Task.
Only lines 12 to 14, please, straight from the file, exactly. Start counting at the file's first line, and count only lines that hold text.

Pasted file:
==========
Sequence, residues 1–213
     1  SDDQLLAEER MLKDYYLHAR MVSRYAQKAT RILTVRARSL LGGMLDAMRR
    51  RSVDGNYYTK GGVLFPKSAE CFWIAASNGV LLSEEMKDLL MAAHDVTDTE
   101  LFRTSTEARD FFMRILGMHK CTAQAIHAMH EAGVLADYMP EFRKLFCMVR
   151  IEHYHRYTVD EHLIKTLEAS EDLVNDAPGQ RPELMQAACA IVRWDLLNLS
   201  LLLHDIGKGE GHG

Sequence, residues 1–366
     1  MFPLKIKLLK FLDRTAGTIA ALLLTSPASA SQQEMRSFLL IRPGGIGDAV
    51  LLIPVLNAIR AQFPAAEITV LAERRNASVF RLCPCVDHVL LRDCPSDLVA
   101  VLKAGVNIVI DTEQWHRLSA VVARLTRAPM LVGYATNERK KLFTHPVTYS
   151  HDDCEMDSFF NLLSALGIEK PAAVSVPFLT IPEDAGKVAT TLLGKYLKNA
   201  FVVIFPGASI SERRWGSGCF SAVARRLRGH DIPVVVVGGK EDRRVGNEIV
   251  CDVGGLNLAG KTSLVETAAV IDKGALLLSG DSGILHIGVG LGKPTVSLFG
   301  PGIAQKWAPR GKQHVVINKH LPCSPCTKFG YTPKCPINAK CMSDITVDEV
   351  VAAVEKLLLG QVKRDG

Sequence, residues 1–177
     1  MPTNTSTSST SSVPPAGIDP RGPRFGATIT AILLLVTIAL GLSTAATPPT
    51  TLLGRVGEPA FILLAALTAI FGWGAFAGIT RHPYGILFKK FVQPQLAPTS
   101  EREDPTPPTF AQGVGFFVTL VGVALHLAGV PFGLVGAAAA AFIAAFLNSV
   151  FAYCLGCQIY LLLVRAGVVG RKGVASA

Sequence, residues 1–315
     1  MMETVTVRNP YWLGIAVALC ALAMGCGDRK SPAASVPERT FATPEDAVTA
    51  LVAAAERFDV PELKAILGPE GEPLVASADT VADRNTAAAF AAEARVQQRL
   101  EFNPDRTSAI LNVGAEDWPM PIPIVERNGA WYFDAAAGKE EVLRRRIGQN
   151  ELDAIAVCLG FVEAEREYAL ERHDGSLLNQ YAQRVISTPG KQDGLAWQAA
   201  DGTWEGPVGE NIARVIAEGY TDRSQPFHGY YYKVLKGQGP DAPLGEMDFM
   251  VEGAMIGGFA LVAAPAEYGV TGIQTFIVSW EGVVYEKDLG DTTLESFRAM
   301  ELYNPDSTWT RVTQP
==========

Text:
   201  FVVIFPGASI SERRWGSGCF SAVARRLRGH DIPVVVVGGK EDRRVGNEIV
   251  CDVGGLNLAG KTSLVETAAV IDKGALLLSG DSGILHIGVG LGKPTVSLFG
   301  PGIAQKWAPR GKQHVVINKH LPCSPCTKFG YTPKCPINAK CMSDITVDEV